The Stonewall uprising in 1969 marked a new chapter in the Gay Rights Movement.
And so did AIDS, in the early 1980s.
One of the responses to AIDS in the gay community is represented by John Corigliano’s Symphony No. 1 (whose first movement is aptly titled “Apologue: Of Rage and Remembrance,” expressing two chief emotions within the community, to the slow reaction of the culture at large to the plague and to the ongoing loss of friends and family), and you might prepare for the January concert simply by listening to the work and reading Corigliano’s program note at johncorigliano.com.
But you might also want to put this symphony in context by, say, viewing a short video on the unveiling of the AIDS Quilt in 1987 and then another, made 25 years later.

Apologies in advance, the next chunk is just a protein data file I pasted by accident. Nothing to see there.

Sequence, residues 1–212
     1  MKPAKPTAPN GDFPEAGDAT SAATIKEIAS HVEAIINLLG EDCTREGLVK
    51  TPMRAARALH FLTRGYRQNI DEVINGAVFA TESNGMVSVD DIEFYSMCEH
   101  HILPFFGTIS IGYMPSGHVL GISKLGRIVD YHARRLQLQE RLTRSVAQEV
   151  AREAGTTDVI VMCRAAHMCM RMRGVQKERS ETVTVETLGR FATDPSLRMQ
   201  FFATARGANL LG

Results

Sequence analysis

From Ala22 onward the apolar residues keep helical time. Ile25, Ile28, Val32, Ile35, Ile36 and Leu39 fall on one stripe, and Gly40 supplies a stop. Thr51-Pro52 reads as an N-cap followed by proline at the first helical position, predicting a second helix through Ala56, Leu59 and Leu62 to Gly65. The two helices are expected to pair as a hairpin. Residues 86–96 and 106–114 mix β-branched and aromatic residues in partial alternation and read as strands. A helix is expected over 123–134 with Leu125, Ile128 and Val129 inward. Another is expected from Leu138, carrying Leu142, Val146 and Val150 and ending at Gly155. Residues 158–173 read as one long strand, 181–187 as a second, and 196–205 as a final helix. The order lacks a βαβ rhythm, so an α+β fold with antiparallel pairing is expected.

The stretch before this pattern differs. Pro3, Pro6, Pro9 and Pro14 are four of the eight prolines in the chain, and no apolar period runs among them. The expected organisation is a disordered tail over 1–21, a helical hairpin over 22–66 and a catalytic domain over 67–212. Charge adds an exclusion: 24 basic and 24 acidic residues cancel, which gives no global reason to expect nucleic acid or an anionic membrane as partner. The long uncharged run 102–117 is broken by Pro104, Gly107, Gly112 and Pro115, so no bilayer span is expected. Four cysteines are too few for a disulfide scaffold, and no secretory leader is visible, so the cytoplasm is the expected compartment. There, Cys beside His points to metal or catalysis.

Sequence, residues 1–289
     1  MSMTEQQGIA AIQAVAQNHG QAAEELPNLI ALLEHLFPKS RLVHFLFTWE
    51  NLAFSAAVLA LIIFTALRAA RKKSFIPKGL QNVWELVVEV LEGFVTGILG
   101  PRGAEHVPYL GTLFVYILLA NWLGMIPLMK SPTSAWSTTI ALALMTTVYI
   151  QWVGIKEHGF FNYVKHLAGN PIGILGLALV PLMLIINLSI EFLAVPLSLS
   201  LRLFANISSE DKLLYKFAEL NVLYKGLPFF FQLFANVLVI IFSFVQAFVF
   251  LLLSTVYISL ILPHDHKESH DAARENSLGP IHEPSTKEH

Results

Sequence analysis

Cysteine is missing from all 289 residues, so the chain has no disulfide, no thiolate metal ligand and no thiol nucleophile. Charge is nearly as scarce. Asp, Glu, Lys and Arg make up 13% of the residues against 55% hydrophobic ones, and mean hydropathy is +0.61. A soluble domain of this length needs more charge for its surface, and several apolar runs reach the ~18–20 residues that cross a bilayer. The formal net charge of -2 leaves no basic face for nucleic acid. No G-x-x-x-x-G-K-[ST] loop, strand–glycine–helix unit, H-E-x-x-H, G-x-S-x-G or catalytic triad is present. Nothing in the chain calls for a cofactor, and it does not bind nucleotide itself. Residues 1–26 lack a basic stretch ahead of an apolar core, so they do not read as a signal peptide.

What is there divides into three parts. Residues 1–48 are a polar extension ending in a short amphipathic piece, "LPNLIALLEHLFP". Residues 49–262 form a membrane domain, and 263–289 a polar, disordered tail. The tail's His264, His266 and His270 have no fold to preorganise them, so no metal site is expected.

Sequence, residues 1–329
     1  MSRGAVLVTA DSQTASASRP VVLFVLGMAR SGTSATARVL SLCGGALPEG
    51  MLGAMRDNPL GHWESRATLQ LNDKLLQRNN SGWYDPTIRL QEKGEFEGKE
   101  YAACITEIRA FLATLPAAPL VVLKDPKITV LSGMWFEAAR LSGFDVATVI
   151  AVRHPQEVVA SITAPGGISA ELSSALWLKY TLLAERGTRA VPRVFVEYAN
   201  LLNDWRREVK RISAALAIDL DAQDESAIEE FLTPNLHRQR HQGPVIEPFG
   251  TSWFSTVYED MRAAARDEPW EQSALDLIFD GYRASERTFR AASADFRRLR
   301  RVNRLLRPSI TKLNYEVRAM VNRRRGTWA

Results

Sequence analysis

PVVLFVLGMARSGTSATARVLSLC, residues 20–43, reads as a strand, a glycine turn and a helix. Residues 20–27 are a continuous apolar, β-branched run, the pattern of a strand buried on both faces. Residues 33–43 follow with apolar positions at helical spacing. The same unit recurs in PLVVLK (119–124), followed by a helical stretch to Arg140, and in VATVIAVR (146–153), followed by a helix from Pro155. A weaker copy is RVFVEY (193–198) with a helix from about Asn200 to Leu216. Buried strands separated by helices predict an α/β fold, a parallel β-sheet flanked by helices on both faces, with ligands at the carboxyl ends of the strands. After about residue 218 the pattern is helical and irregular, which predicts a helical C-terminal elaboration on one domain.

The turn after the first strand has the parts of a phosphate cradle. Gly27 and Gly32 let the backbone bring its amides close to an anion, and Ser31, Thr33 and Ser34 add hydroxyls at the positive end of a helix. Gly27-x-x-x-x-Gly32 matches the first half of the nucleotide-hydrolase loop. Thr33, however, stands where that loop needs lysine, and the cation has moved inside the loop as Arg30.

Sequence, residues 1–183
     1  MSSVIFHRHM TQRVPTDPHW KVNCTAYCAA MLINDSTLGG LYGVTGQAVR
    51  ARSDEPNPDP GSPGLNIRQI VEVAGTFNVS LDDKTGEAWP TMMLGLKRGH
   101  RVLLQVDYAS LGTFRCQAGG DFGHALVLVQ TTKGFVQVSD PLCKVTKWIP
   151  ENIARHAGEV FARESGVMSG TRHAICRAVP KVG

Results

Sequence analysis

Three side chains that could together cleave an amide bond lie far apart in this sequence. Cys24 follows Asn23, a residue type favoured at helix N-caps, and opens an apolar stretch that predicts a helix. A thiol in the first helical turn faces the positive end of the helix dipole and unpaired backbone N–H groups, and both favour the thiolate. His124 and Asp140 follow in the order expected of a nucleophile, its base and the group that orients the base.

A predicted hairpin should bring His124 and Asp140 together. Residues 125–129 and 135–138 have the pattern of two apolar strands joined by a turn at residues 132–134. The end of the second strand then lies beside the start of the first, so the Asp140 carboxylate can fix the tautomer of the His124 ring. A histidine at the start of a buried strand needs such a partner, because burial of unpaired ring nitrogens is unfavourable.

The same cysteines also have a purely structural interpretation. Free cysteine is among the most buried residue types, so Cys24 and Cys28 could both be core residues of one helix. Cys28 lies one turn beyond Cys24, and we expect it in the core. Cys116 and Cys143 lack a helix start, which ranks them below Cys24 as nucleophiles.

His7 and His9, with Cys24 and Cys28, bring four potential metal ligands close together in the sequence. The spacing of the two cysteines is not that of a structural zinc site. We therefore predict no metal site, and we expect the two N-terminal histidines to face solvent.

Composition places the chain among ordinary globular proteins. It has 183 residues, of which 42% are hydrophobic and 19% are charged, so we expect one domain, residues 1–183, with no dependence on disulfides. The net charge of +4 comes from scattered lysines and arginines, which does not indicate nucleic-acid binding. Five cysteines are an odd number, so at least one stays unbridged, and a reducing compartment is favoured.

And a personal note: the late writer, Paul Monette (1945-1995) was a classmate of mine at Yale and our Class Poet. He chronicled his coming out in two powerful memoirs, Borrowed Time and Becoming a Man: Half a Life Story.
The first was about his relationship with his partner, Roger, who died of AIDS in 1986; the second--winner of a National Book Award--was his coming-out story and frank commentary of his own illness, to which he succumbed just shy of 50. For a vivid, stirring, and funny look at Monette’s life, visit On the Brink of Summer’s End (). Just as Corigliano uses his art to call attention and mourn, so, too, did Monette.
Paul Lamar, Albany Symphony Patron